[Don’t know who’s look came first, but chicken or the egg, the team from Northfield deserves a rad look unique to the powerhouse that is Vortex.]
Puget Sound Clearcut Whites
By itself, the jersey is fine. It’s a bit busy for my tastes, but it’s [I can hear the ellipses for dramatic effect] fine. By themselves, the shorts are fine. I’m already on the record above as being a fan of getting creative with shorts. However, this jersey combined with these shorts creates a chaotic mess that is just too much for me.
[I’m going to have to go rogue on this one and disagree. This light kit is all about owning an identity and a theme, and this jersey knows exactly what kind of badass, sea-faring monster it wants to be on the field. I would rock this in a heartbeat, especially in such an awesome shade of purple.]
Oberlin Preying Manti Darks
It was so frustrating to watch such an incredible team play beautiful ultimate in jerseys that were the total opposite. The Preying Manti have a cool logo, and they chose to stifle its greatness by going monochromatic with it. If Oberlin had simply gone with black jerseys or flipped the color of the logo to pop against the green, these jerseys would have been exponentially better.
[And readable; as someone who had to read the numbers more often than not from the shorts, squinting from the sweltering broadcasting tent, I would’ve loved a different color. This is why USAU made everyone put numbers on their jerseys and reorder everything a few years ago, friends. Your friendly neighborhood D-III editors thank you in advance.]
Richmond Spidermonkeys Alternates
I refuse to believe that Richmond actually tried with these. [Oh, someone tried something here. This is full on design mutiny.] They have to be one of those inside jokes that nobody else is in on, or maybe they were intentionally trying to make the worst jersey possible. No analysis is needed for these; the disaster speaks for itself.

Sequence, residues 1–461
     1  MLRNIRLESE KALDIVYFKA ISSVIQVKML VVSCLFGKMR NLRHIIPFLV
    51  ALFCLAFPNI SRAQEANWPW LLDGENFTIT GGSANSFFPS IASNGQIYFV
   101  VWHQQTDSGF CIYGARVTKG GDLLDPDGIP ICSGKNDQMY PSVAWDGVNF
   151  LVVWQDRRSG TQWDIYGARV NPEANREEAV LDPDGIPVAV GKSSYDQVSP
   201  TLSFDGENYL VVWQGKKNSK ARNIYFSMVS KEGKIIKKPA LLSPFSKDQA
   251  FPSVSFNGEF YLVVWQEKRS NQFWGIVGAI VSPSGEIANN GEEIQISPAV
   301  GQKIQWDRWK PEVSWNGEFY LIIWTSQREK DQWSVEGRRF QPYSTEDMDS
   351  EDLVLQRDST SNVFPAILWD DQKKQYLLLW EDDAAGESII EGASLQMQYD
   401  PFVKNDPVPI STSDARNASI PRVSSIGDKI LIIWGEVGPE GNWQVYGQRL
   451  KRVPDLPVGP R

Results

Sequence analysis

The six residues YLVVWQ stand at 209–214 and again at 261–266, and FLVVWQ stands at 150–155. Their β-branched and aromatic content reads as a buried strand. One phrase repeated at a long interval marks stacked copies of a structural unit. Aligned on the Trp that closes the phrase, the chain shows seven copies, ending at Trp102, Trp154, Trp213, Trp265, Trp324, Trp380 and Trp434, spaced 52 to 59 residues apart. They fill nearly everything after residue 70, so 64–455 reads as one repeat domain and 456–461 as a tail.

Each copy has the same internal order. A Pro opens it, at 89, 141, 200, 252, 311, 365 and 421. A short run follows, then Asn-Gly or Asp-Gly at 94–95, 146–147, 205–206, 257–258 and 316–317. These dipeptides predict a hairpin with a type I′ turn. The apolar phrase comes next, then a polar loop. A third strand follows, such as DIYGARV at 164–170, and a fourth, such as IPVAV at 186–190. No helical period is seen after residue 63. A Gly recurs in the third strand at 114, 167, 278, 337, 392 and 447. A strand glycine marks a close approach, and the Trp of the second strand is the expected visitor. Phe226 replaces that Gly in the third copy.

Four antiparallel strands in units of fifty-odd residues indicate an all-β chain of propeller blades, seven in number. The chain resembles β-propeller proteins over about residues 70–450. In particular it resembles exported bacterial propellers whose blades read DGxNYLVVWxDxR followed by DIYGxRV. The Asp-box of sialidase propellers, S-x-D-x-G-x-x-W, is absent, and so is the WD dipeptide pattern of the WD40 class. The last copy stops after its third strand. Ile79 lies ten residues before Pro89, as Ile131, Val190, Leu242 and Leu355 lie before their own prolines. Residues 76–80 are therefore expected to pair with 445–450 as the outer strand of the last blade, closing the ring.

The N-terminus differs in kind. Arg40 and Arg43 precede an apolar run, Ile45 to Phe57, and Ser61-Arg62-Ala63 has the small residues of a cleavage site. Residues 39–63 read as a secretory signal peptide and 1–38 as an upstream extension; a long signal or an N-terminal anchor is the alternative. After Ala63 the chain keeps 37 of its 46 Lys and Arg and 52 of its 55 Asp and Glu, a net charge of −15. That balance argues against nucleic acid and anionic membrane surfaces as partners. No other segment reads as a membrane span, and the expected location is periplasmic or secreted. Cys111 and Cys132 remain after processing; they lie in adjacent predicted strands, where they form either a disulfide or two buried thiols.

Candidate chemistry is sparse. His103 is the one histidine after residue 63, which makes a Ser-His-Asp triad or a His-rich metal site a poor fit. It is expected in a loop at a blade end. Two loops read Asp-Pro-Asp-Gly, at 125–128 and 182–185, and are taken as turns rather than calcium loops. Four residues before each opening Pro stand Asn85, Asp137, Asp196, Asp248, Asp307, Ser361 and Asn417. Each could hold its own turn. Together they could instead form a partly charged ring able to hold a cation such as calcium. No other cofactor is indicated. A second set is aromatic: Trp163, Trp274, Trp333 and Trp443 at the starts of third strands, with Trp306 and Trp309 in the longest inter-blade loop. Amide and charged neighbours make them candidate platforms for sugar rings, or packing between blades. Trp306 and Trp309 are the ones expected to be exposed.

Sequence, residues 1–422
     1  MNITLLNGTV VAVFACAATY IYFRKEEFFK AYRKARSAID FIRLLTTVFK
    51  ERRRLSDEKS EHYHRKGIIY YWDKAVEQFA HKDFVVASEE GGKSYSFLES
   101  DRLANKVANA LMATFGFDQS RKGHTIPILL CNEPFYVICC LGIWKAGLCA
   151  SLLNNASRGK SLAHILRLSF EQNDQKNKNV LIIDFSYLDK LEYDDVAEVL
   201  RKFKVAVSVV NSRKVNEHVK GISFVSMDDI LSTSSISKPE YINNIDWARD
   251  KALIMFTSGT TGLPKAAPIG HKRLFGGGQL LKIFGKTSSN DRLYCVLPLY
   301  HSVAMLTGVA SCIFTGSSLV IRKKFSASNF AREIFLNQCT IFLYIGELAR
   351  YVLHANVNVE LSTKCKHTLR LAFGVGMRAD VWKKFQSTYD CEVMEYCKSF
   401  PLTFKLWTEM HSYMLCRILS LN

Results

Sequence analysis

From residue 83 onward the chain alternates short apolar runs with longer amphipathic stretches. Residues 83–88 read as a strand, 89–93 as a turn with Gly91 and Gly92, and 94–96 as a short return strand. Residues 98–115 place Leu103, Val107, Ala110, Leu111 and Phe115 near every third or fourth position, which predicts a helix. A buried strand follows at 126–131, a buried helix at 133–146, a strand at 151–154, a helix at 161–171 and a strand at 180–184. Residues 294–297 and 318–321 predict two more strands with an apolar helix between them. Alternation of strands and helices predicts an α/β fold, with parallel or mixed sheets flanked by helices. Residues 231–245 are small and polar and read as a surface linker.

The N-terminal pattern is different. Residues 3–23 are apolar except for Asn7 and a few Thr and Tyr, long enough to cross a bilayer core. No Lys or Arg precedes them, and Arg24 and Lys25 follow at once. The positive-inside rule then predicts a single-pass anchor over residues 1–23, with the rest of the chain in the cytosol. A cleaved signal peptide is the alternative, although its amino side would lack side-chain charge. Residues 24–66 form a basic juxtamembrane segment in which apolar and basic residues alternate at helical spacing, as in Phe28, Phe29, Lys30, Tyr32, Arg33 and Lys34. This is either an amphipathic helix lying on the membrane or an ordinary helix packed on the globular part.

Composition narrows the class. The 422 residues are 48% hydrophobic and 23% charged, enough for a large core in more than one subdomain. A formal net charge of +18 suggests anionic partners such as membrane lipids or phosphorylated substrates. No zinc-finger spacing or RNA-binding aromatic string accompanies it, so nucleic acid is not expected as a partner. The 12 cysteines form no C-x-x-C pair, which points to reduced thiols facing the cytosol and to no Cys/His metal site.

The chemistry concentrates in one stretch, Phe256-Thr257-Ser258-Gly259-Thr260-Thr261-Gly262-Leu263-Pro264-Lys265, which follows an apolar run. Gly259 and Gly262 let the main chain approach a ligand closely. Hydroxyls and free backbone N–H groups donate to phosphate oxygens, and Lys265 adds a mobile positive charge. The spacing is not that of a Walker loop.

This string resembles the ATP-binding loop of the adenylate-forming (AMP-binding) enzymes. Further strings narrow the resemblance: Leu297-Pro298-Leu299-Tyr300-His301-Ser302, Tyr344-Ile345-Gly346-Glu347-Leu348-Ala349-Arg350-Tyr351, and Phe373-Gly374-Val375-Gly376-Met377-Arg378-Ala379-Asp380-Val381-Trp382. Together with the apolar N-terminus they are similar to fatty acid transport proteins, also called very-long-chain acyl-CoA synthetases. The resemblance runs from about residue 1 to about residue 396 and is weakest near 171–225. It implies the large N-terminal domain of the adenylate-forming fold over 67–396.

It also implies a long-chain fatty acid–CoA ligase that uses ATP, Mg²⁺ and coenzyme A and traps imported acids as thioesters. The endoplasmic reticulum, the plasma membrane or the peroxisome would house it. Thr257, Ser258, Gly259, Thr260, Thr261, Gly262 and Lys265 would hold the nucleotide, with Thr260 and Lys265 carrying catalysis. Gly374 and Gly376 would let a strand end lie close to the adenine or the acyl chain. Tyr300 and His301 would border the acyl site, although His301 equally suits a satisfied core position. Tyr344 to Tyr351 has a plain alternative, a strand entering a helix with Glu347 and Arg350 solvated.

Berry Noble Savages Darks
Berry, I promise we’re not just picking on you all. I would have hated these jerseys no matter what team was wearing them. [Unlucky for y’all.] There’s simply too much going on here, but the biggest problem for me is wearing navy on black. It’s my least favorite color combination in the world; I’ve never seen it work, and that streak definitely doesn’t end with this kit.
[I will throw in a hat tip to the geography portion of this kit–I think this is another outline one that works nicely, and which I can see clearly with the gray against the navy, which is not a bad color combo.]
Random Thoughts and Observations
Lewis & Clark Artemis Whites
This logo is maybe the best that I saw at the tournament. [I want to go back in time, buy a flag with this logo on it and put it up in my door room window.] It’s terrific, and it looks fantastic on these whites.
But the shorts ruin it! Navy on black again. Ugh.
Truman State TSUnami Darks
These jerseys are pretty cool; I like that they lean in to their team name and are bold about it. But why are the letters across the back gigantic?
[The killer for me is the font–sans serif is just not matching the heavy lifting the graphics are bringing.]
Hamilton Hot Saucers Darks
The basic design here makes me believe that this design might be mandated by the university. [If so, very hard straw to draw.] However, I noticed the sweet logo on the sleeve.
Hot Saucers, if you’re allowed, use that logo this year!
Missouri S&T vs. Berry
I was pleasantly surprised to see so many games at Nationals where both teams wore their darks. That said, this matchup was pure chaos. Just looking at that picture makes my head hurt.
[I feel like I’m watching a case of Mountain Dew falling overboard into a swarm of sharks.]
7500 Club Jerseys
Obviously we’re a bit biased, but these were [HANDS DOWN, NO CONTEST] the best jerseys in College Station. It’s always good when your design inspiration comes through so clearly that even BamaSecs understands the reference.
[As they say, game respect game.]